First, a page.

After all, Reeves was nowhere to be seen when Alex Slade died. BT’s fine, two fisted sports writer, Phil Lutton, had filed a couple of excellent pieces about Slade’s death, and how it can be understood within the framework of unregulated combat sports in Queensland. They’re long, but totally worth reading if you want to understand why some people find Reeves to be a little hypocritical when he sounds off about kids' martial arts tournaments. The minister, who threw the switch to outrage so quickly after seeing video of those two girls – who were thoroughly padded up and supervised – is still refusing to commit the Queensland government to doing anything about the complete lack of any formal guidelines or control authority for running adult combat sporting events in this state.
What does that mean?
Well, he’ll huff and he’ll puff about school girls pulling on the gloves, but the sports minister has done nothing to ensure adult boxers, for instance, will have regular blood tests before stepping into the ring, where they will mix bodily fluids with their opponents. That sort of decision can apparently be left to the three warring boxing codes.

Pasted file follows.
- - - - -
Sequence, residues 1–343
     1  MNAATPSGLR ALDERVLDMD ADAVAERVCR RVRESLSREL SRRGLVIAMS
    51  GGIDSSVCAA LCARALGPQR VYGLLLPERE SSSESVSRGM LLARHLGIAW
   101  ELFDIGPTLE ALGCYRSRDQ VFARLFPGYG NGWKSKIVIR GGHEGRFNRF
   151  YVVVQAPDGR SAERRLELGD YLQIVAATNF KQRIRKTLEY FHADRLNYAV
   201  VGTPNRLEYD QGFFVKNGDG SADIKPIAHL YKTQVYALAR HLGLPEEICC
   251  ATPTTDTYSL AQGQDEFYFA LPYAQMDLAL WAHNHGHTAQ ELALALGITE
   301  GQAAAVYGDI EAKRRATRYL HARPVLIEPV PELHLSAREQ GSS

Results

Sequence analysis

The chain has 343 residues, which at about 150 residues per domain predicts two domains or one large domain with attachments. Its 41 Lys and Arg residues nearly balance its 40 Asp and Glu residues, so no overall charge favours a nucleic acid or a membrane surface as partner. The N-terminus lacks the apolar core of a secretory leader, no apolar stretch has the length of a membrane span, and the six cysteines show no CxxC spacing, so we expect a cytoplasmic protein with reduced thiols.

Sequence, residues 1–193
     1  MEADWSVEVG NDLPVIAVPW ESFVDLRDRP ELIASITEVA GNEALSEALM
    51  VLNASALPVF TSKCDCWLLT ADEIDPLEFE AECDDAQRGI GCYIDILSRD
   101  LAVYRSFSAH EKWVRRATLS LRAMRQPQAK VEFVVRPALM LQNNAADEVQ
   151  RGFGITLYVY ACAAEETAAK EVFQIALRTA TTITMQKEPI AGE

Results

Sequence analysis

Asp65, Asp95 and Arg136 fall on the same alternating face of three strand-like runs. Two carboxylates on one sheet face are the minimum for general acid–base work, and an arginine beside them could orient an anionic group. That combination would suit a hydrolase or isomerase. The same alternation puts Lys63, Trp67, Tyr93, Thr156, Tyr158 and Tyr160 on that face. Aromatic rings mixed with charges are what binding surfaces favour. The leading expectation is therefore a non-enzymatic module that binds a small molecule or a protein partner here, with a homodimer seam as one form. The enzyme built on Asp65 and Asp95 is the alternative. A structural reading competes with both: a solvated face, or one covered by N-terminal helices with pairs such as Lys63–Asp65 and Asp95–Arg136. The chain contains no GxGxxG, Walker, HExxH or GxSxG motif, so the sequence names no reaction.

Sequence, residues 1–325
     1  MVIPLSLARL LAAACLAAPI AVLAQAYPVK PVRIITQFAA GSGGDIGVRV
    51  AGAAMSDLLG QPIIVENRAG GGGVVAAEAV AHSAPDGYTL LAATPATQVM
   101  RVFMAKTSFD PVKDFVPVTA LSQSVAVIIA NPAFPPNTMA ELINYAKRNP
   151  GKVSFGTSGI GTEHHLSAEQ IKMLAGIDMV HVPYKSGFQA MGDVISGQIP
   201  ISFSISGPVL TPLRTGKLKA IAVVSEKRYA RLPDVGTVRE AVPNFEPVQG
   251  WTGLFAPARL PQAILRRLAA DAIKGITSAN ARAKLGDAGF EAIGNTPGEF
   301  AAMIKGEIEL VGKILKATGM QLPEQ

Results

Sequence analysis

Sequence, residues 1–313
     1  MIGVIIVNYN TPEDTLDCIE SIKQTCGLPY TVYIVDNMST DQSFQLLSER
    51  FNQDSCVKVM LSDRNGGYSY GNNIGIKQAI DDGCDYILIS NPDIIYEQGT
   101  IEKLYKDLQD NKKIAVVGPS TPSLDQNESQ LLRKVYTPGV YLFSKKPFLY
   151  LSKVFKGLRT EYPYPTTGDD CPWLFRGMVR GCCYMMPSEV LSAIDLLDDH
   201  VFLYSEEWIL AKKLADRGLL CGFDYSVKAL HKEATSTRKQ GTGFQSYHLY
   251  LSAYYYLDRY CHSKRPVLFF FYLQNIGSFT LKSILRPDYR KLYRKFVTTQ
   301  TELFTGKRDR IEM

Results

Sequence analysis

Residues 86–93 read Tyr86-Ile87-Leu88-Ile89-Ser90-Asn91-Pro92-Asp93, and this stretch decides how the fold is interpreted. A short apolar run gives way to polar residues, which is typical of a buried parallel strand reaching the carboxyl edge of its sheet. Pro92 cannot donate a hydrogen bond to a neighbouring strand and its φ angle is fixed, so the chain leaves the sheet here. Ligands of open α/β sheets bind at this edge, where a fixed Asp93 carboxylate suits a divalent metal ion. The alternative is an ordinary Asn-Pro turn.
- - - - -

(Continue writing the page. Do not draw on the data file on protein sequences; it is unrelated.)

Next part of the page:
Queensland is the only mainland state without a combat sports regulator and even Tasmania is moving towards getting one. When Reeves starts talking seriously about his actual responsibilities perhaps he won't look like such an ass when he insists on blundering into the realm of parental responsibilities.
Finally, I will grant that tournament fighting is not self-defence training. Not in a pure sense. Not every martial arts school accepts the need to prepare its students to fight in sporting competitions, and many of those that do rigorously emphasise the difference between sporting technique and street defence. Myself, I think that hard, supervised sparring in the dojo will do much the same job of preparing both mind and body. But every school and every teacher will have their own approach. That is as it should be.
If you think this is all macho bullshit I’d ask you to consider last week’s survey of female students by the National Union of Students that found "one in six respondents had been raped and a further 12 per cent had experienced attempted rape, while two in three had an 'unwanted sexual experience'."
In the face of odds like that, I am uninterested in being told by Minister Reeves how to prepare my daughter to go out into the world.
Neither, I imagine, is John Parr.